Uday Narayan Yadav

My path to studying PhD in Public Health at the Centre for Primary Health Care and Equity (CPHCE) has most probably been longer than most. I choose CPHCE because of the uniqueness, flexibility and rigour of implementation research, and the opportunity to learn from some of the world's foremost experts in Implementation research.

After completion of my Master's degree in public health (Epidemiology) in 2014 from Manipal University, India, I started working as a Program Manager at INGO in Nepal. The community exposure in Nepal gave me great insights into community health problems, which was far more than one gets from book and journals. This inspired me to go for higher study, where I can merge both field and academic knowledge for the benefits of those whom I choose to serve in my life. I am always, troubled by the vast inequalities in health status and outcomes in Nepal and around the globe, particularly in chronic disease. Being afflicted with a non-communicable disease is more fatal in Nepal than in developed countries because of affordability, restricted accessibility to adequate medical treatment and poor self-management of the conditions. The poor are disproportionately vulnerable in Nepal. Seeking to make a difference, I committed myself to be a factor for change by intervening in the underlying structural determinants of health and wellbeing for chronic disease patients. Therefore, I decided to work on designing and piloting of self-management intervention for multi-morbid Chronic Obstructive Pulmonary Disease (COPD) patients of Nepal with the excellent team of CPHCE, UNSW, Prof. Mark Fort Harris, Associate Prof. Jane Lloyd and, Dr Hassan Hosseinzadeh (from the School of Public Health and Community Medicine).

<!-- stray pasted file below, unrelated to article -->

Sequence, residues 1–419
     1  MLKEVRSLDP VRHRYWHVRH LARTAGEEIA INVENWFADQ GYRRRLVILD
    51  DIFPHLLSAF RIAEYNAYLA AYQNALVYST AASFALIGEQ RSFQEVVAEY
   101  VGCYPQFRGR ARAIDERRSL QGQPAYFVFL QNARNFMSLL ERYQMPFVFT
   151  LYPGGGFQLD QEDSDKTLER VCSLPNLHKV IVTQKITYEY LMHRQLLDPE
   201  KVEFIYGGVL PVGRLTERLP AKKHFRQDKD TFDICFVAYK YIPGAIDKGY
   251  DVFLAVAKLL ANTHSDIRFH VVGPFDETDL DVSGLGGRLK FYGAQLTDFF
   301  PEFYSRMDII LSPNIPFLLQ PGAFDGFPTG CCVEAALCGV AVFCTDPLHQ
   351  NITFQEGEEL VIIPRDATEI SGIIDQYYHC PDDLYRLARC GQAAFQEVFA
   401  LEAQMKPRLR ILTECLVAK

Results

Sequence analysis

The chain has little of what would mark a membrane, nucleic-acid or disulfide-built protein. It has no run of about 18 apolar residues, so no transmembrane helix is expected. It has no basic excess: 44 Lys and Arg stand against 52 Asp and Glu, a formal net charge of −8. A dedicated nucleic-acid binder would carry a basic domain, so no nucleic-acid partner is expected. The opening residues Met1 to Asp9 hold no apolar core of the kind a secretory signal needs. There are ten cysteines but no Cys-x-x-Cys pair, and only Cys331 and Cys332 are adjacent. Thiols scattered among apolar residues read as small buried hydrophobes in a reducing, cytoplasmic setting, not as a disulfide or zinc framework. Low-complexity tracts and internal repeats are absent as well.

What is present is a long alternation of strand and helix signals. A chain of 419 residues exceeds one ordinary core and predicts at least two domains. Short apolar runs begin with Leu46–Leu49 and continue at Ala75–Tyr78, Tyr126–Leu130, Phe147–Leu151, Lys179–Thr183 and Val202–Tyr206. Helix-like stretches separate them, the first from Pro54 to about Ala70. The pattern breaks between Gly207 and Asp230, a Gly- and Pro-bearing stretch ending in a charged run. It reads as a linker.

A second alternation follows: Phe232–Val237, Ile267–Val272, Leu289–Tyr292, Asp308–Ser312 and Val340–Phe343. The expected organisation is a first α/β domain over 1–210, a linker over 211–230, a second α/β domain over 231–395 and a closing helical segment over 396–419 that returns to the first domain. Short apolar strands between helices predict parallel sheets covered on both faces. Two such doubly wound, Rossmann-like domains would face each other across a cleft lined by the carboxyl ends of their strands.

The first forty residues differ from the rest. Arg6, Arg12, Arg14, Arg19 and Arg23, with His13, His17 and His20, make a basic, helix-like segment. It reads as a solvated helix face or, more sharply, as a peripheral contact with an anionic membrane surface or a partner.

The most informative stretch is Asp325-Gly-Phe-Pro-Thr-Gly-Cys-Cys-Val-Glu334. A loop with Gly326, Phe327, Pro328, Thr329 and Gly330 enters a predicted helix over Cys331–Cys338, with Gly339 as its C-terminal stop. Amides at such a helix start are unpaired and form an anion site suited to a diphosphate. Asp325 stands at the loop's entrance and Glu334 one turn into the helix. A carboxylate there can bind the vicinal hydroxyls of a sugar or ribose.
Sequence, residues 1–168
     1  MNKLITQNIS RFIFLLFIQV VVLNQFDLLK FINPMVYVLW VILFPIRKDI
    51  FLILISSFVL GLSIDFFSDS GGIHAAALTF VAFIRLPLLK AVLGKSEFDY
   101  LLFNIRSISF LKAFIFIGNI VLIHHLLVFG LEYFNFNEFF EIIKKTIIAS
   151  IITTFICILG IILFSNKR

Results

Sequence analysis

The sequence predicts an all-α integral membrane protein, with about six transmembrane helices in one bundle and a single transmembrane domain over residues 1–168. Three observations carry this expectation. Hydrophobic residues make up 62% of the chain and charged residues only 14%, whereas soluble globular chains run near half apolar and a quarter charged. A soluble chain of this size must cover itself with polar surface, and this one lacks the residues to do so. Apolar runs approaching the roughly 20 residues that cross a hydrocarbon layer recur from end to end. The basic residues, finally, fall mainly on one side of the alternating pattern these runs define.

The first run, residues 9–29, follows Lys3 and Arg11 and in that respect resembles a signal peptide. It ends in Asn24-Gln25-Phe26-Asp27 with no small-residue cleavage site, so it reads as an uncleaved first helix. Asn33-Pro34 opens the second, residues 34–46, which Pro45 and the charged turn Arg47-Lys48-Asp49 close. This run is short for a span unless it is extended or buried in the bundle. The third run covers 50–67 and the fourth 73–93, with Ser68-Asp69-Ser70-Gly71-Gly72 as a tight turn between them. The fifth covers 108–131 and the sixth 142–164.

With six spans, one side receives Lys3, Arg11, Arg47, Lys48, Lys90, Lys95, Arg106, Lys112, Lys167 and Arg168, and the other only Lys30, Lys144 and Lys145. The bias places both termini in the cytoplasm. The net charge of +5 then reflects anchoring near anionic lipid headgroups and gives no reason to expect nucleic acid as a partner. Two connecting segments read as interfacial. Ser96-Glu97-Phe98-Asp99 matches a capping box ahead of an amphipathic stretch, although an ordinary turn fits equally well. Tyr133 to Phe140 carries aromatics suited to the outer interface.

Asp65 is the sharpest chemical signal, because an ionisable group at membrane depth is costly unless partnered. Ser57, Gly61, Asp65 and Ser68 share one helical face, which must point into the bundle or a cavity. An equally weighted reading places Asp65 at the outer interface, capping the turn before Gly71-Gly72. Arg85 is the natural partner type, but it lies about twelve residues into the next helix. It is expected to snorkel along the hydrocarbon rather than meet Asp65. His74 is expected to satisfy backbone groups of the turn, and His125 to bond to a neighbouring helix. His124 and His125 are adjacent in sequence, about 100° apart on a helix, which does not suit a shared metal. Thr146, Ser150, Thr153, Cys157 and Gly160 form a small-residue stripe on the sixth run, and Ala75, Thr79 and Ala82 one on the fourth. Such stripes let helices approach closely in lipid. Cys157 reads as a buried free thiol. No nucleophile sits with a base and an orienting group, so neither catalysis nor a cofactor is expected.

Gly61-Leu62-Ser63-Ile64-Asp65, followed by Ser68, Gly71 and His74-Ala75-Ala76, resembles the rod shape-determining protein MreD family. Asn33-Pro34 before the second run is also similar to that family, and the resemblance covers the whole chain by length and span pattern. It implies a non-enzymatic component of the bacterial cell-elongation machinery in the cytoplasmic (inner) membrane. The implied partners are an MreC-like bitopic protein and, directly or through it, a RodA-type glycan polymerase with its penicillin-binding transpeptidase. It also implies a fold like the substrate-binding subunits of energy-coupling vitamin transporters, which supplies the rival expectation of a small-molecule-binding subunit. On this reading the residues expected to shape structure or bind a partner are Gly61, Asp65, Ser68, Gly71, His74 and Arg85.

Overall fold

Since I'm only in my first year, I'm still exploring opportunities to get involved in other research activities besides my PhD work to get further in-depth knowledge about Australian health systems and policies. I believe I will gain invaluable experience in community-centred program design, impact evaluation and data analytics, and the emergent field of action research. Having been involved in other research projects, it became increasingly apparent that to perform quality research; I required more knowledge about designing intervention, methodological considerations as well as further statistical expertise. This opportunity at CPHCE is a way for me to explore in-depth the full span of these topics areas and contribute to developing better quality evidence.